I don't know how much humor is usually derived from Act 1, but I didn't get much from this performance. I thought to myself, okay this is one of those productions that forgoes some of the comedy in order to deal more with the drama and the themes of the opera. Fine. But no! Acts 2 & 3 were often hilarious and I ended up laughing out loud to this production more than any other opera I've ever seen.

    And the last bit of stage business after the final duet... I really thought I was going to dislike this, as a tonal departure, but it was fine! It managed to feel light-hearted while still driving home the very dark message of the production that WWI is right around the corner.

    Renee sounded a little weak-voiced to me on the night I went, but still had an authoritative presence, and she made the effort to ramp it up a little during the key moments of Act 3. Elina was definitely the star of the show, both in voice and performance; her boyish mannerisms were soooo good.

    So, overall I loved the show, even if it could have been slightly better.

    Also, fwiw, the audience this evening pushed back against the opening night boo brigade. They heartily applauded every scenery reveal, even the "meh" Act 2 setting. I am heartened, because the worst moments of my last Met trip were the constant complaining and negativity I had to endure from nearby audience members.

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  20. #1964
    Opera Lively Moderator Top Contributor Member Amfortas's Avatar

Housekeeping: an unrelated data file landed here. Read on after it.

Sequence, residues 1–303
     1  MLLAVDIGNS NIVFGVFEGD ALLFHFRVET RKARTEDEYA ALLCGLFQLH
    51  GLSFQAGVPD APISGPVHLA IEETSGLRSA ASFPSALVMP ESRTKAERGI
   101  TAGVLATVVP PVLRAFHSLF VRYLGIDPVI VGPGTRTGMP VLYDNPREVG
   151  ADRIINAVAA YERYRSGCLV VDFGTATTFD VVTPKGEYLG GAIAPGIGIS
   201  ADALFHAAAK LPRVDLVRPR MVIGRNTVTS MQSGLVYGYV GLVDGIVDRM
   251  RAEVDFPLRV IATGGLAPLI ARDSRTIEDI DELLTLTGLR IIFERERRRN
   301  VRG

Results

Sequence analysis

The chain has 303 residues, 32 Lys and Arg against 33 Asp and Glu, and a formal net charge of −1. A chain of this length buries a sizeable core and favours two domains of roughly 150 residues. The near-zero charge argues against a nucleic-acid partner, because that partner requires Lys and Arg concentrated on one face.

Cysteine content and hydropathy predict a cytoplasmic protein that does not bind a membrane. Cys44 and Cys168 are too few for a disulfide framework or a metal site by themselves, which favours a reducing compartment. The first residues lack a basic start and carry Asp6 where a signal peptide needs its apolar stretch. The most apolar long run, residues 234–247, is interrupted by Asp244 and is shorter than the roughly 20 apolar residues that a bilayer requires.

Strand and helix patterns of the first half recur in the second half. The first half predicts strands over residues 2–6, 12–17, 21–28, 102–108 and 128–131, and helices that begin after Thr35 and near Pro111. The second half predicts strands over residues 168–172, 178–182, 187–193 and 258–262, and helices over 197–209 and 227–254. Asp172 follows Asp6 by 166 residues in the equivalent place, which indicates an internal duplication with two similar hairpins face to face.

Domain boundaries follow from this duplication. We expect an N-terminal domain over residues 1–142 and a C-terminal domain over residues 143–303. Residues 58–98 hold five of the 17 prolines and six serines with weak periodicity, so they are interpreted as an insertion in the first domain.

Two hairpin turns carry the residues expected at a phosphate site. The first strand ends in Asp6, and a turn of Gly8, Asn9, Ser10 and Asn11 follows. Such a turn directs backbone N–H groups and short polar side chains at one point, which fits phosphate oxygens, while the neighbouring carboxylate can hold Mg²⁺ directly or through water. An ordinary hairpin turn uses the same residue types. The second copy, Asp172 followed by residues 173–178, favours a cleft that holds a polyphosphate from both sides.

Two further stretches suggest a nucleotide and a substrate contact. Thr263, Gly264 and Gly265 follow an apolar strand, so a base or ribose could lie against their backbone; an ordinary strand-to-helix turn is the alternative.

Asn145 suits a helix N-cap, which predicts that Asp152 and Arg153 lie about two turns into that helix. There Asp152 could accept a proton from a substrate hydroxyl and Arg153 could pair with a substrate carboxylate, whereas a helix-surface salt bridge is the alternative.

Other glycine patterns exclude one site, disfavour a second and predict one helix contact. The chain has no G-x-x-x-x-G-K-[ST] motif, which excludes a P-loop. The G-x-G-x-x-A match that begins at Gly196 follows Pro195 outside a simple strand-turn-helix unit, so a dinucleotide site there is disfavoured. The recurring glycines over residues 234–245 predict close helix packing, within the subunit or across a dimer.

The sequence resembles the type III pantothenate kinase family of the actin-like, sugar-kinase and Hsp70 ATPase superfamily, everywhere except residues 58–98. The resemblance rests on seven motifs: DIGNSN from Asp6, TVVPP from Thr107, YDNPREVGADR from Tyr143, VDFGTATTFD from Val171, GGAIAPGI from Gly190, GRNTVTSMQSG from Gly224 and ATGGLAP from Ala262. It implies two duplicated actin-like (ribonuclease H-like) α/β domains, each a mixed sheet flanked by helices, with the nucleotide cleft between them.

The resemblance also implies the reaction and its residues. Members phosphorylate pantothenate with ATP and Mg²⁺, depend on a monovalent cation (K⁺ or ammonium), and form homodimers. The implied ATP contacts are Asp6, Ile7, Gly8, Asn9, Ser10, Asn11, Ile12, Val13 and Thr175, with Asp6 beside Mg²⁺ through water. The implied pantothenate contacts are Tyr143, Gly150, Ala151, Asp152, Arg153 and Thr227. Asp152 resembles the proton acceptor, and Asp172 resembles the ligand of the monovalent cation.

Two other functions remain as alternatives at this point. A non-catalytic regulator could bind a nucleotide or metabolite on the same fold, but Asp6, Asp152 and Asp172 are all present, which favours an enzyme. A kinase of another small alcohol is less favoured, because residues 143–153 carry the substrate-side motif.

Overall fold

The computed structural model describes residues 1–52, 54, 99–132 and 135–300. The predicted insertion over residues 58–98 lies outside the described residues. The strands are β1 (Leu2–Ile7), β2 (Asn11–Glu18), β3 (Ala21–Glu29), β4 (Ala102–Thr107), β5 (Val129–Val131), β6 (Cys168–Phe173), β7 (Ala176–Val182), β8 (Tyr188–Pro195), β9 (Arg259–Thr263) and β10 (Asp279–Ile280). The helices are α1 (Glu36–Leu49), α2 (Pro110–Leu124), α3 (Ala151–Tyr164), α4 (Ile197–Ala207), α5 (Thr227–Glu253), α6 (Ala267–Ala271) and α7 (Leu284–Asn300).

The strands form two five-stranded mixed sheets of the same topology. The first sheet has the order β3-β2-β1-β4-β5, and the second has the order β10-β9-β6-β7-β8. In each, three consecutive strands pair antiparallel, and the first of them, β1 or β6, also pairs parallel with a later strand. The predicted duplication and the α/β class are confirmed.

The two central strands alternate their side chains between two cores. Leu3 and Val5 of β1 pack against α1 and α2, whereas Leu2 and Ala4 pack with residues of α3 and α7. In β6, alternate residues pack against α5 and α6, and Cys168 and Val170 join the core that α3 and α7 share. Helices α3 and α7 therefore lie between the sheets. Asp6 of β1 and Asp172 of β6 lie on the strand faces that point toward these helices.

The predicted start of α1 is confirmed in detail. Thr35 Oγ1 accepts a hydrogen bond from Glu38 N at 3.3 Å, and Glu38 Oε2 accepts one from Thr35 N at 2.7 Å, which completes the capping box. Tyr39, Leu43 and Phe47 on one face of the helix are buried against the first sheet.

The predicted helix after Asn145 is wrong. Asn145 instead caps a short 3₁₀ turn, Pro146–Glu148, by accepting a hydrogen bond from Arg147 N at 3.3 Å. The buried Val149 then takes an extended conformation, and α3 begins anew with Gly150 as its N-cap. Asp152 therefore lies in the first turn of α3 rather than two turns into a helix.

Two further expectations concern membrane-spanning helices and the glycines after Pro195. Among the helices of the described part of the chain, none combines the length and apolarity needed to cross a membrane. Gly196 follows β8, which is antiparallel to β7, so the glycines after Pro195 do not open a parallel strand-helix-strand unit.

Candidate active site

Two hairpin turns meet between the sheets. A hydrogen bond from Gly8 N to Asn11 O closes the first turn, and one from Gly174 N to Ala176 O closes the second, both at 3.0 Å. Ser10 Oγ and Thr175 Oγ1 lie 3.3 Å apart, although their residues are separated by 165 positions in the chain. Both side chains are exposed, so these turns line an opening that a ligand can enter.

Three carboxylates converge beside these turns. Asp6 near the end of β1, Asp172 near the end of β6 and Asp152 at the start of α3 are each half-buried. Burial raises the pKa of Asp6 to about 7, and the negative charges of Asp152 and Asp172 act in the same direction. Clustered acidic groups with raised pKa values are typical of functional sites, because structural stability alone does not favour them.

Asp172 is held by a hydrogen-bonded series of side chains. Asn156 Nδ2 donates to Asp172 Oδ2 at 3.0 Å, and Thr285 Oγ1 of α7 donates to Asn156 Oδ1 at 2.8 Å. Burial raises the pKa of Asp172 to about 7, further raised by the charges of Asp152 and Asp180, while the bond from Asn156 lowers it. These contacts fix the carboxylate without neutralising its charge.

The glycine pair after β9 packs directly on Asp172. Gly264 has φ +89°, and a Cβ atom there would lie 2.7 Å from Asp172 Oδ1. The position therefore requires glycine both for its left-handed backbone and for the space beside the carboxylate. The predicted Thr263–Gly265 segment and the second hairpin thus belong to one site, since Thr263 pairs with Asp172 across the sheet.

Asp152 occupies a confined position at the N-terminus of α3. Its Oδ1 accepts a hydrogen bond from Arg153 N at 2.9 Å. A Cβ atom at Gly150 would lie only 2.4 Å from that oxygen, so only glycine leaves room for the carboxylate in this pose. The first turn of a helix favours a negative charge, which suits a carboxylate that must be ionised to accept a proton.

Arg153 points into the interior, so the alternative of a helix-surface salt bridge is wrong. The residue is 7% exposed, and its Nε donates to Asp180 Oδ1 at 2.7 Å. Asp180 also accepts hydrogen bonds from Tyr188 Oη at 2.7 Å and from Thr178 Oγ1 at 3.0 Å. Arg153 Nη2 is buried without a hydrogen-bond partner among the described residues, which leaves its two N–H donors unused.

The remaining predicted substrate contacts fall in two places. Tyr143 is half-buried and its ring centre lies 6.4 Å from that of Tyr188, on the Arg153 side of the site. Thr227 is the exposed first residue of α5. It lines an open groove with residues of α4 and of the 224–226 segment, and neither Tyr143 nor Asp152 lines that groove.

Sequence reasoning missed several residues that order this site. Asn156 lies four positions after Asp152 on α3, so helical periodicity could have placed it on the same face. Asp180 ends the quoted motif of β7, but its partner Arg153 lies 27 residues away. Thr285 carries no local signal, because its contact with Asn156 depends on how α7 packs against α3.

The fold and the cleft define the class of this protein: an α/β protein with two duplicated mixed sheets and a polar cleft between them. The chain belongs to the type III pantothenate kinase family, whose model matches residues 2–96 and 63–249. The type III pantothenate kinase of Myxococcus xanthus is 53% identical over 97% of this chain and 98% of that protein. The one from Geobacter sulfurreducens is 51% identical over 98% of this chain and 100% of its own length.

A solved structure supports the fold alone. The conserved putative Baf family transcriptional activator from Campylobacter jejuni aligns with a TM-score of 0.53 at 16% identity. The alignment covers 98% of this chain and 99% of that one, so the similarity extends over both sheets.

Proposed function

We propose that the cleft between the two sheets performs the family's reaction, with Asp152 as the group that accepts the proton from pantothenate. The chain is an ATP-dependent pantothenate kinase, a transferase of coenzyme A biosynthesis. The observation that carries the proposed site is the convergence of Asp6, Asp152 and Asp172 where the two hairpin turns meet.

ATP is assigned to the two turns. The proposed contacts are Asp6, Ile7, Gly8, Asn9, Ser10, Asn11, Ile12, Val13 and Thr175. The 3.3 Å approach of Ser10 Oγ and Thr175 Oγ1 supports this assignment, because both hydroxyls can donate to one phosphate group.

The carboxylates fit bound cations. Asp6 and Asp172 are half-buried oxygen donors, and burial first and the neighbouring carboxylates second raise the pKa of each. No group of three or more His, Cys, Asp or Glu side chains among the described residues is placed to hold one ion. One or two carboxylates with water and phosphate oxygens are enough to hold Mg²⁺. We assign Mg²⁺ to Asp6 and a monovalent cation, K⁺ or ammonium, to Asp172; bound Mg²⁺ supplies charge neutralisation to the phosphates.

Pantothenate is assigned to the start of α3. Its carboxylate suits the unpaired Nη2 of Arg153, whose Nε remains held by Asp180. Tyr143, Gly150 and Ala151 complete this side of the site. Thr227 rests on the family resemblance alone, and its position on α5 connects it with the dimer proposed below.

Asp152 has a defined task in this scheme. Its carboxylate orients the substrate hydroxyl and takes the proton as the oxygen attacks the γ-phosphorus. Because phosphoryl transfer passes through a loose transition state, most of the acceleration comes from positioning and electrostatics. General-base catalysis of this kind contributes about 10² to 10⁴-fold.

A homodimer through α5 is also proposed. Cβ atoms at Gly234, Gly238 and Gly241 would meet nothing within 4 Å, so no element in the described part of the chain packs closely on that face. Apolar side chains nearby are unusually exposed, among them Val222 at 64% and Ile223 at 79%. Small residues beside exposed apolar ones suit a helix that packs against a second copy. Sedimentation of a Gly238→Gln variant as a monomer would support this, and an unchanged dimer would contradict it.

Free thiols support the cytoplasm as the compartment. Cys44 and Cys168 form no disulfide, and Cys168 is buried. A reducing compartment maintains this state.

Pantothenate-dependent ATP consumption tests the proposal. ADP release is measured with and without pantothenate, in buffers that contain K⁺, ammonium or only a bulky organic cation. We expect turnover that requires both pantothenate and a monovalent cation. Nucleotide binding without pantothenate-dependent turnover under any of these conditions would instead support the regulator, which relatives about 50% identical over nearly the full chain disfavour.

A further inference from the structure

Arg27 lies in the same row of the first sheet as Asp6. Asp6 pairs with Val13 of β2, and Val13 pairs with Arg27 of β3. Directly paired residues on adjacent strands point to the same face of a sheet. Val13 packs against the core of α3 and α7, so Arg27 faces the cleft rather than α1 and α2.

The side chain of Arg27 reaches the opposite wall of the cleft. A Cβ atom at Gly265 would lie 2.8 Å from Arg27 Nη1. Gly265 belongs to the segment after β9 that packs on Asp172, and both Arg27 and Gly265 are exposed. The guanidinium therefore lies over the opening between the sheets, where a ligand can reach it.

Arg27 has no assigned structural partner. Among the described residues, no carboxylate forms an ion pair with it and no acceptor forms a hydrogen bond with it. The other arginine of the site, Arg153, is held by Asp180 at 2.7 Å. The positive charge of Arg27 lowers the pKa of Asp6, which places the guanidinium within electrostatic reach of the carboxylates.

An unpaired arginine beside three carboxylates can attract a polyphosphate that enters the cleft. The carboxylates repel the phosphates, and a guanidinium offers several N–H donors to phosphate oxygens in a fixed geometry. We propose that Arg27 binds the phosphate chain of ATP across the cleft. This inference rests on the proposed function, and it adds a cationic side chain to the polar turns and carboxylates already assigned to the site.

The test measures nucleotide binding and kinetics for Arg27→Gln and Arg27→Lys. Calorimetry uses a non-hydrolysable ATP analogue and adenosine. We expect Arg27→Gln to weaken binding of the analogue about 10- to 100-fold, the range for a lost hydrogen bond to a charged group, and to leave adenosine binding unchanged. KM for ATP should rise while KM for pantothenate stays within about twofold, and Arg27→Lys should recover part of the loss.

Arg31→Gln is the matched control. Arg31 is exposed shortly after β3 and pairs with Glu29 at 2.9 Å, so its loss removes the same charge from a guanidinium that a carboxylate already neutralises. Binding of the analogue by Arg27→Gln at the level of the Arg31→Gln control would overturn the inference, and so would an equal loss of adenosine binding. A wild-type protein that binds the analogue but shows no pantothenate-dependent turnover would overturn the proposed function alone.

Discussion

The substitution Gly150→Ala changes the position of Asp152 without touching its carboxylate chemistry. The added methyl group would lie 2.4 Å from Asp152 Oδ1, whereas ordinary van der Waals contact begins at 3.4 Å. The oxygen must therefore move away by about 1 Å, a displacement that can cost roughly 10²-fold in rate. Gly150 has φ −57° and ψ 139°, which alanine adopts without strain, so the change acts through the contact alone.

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    Quote Originally Posted by MAuer View Post
    Even on the brink of war, I very much doubt a munitions manufacturer is going to have armaments delivered to his home. This is the sort of directorial heavy-handedness I dislike.
    Haven't seen the new production, but my understanding is that it emphasizes this idea more than the earlier Salzburg staging. May have been a case of needing to leave well enough alone.
    Last edited by Amfortas; April 23rd, 2017 at 12:15 AM.

  21. #1965
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    Quote Originally Posted by Hoffmann View Post
    I think Rosenkavalier is something of a morality tale - focused on the recognition of the Marschallin of her aging and fading beauty (but certainly not when it's the ageless Renee Fleming singing the role!). It's that understanding and acceptance at the end of the opera that's so heartbreaking. The military stuff that Carsen apparently has tarted up the stage with is, at best, a distraction from the point of the opera.
    At least in its earlier Salzburg incarnation, I found Carsen's 1911 fin-de-siecle concept effective. In this approach, the "aging and fading beauty" applied, not just to an upper-class woman past her prime, but, more ominously, to an entire continent and a way of life. And along with that, of course, came the suggestion that this "beauty" may have always had its darker underside.

    True, such a concept goes beyond the bounds of Strauss and Hofmannsthal's intention. But it's very much in keeping with the historical circumstances from which the opera emerged.